Cleveland Indians Name Change Shouldn't Impact Your Fandom

Cleveland Indians Name Change Shouldn't Impact Your Fandom

Nick Pedone
3 years ago
2 min read
Cleveland Indians Name Change Shouldn't Change Your Fandom

On May 4th, 2007, my dad got me out of kindergarten early to go see the first showing of Spider-Man 3.

My love of Spider-Man was already immeasurable. I had seen the first two movies a million times and from that day forward, Spidey became fully cemented as my favorite superhero for life.

So, what does Spider-Man have to do with the Indians changing their name? Well, one of the most popular names from the fans is the “Cleveland Spiders”. You’d think with my undying love for the friendly neighborhood web-slinger, I’d be more than happy for a name like the Spiders.

Unfortunately, no. I think the name is cheesy and will lead to many lame spider-like designs throughout the city. Also, the 1899 Spiders finished with an MLB worst record 20-134, with most of their star talent being shipped off to the St. Louis Perfectos. Frank Robinson was the owner of the Spiders and the Perfectos, and liked St. Louis more than Cleveland, so he essentially gave up on Cleveland which caused the franchise to fold after the ‘99 season.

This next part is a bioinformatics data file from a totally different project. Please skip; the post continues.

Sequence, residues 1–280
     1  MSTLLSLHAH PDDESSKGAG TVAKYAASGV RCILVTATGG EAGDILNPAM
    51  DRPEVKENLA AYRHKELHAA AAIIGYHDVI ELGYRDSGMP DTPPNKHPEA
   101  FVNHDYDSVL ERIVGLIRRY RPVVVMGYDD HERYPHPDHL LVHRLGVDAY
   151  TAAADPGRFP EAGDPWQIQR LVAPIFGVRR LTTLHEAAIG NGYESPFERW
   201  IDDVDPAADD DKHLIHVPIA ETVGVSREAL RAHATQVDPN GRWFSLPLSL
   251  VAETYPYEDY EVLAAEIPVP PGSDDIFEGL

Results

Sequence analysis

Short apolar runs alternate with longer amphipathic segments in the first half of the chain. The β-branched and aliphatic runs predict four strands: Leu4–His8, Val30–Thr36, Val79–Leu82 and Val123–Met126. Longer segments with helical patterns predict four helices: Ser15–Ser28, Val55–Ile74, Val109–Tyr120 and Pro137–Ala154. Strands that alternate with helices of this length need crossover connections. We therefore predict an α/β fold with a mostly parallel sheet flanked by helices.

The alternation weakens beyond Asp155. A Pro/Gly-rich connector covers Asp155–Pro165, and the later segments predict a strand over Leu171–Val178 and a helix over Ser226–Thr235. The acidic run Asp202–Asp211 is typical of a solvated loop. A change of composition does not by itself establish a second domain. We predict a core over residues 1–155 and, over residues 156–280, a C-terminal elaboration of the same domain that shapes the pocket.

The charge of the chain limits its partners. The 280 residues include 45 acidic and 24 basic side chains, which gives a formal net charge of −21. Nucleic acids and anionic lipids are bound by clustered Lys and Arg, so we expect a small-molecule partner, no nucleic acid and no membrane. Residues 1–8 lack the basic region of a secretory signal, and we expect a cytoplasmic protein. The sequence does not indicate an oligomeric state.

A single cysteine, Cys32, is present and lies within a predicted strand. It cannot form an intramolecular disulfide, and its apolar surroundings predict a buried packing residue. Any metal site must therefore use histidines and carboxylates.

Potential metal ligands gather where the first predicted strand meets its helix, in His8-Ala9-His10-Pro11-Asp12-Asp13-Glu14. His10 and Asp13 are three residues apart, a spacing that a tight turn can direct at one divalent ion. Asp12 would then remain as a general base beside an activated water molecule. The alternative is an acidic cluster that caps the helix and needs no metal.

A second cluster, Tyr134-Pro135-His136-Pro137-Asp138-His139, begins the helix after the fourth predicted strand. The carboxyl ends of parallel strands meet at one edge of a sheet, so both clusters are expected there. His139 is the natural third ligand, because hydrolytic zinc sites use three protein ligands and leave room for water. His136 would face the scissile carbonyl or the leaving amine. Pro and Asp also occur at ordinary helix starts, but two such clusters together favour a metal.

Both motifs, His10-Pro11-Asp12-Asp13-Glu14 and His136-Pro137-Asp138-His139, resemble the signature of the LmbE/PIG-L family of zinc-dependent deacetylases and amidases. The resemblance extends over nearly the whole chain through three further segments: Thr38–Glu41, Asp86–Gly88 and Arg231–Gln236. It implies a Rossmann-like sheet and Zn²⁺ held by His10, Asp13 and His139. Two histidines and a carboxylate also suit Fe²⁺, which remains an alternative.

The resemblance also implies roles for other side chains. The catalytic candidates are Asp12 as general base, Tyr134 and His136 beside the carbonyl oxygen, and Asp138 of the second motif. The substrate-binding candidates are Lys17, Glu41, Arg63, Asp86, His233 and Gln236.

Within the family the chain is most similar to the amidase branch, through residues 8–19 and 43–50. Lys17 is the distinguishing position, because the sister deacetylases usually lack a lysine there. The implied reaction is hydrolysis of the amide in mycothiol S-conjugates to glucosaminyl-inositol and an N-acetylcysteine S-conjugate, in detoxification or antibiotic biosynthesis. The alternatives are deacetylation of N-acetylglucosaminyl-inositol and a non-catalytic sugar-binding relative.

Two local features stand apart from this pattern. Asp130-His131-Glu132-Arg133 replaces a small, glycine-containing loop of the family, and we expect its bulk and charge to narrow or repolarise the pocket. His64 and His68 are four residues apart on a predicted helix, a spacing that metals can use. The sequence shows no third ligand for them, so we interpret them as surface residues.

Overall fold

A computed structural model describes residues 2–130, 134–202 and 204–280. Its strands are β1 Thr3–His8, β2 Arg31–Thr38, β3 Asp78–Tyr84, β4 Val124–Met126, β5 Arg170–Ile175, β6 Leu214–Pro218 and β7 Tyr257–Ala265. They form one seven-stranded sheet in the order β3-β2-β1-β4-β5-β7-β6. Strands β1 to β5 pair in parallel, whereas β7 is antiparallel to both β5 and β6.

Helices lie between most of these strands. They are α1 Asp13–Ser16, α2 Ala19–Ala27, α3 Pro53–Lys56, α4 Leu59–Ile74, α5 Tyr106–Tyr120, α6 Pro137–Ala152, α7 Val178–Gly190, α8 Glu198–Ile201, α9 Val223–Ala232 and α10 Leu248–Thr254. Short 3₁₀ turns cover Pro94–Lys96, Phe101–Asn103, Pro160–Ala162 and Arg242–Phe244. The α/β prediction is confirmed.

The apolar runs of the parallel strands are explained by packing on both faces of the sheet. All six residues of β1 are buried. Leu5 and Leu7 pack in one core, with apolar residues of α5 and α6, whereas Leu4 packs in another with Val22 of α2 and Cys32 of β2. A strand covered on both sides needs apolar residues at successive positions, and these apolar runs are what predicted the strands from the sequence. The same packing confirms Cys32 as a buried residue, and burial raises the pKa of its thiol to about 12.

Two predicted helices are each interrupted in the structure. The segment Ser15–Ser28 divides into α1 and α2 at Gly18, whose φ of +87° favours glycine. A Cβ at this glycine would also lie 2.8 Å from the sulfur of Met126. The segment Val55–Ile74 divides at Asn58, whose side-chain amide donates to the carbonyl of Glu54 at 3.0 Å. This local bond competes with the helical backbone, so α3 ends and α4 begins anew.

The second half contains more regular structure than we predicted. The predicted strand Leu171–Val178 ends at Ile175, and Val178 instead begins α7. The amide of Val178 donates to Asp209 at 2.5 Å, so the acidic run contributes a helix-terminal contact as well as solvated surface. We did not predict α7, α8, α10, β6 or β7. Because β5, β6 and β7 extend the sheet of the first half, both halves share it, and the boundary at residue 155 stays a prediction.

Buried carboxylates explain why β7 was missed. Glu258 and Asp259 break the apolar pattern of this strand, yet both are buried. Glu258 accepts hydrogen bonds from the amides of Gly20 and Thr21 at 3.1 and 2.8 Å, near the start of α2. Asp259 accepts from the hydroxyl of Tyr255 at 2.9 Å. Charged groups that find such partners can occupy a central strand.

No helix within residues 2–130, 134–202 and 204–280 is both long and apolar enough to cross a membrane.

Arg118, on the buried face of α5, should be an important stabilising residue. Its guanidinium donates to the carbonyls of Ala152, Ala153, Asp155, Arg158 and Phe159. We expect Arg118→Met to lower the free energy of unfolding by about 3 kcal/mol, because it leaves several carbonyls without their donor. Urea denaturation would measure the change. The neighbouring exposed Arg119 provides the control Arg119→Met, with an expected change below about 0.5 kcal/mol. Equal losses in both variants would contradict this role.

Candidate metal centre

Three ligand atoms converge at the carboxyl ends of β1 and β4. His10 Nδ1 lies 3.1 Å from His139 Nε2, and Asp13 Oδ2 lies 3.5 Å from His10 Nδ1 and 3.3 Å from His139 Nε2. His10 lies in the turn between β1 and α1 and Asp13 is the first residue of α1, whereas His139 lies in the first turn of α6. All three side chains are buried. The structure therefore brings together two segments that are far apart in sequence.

Moral of the story, I wouldn’t be too fond of the team honoring an owner ten times worse than Paul Dolan.

Still A Fan No Matter What

With that being said, would I still be a fan of whatever team plays on the corner of Carnegie and Ontario? Yes, and you’re not a real fan if you say otherwise.

Many fans from an older generation say they haven’t felt the same love for these teams like they did in ‘95 or ‘97. I understand that, but changing the name of a stadium, or a team shouldn’t be some driving factor in your fandom!

I cheer for the Indians because it says Cleveland before it, and nothing else. If you call yourself a “lifetime fan” and then quit over a name, nobody believes that you were that big of a fan.

Cleveland might be going through a down year or two, but they have one of the best farm systems in baseball and will be right back in the heart of the AL Central in just a few seasons. That’s what we should be focusing on as fans, not arguing over a team name.

I think my biggest takeaway from the name change is that people need to just grow up. I’ll be the first to admit I was pretty sad when I heard we were changing our name. I have my first Indians tickets, a 1995 World Series poster with Chief Wahoo on it, and an awesome vintage jacket with the words Indians stitched across it. Nobody is saying a complete change will be easy, but maybe if we all just lean into it a little more, it might just turn out alright.

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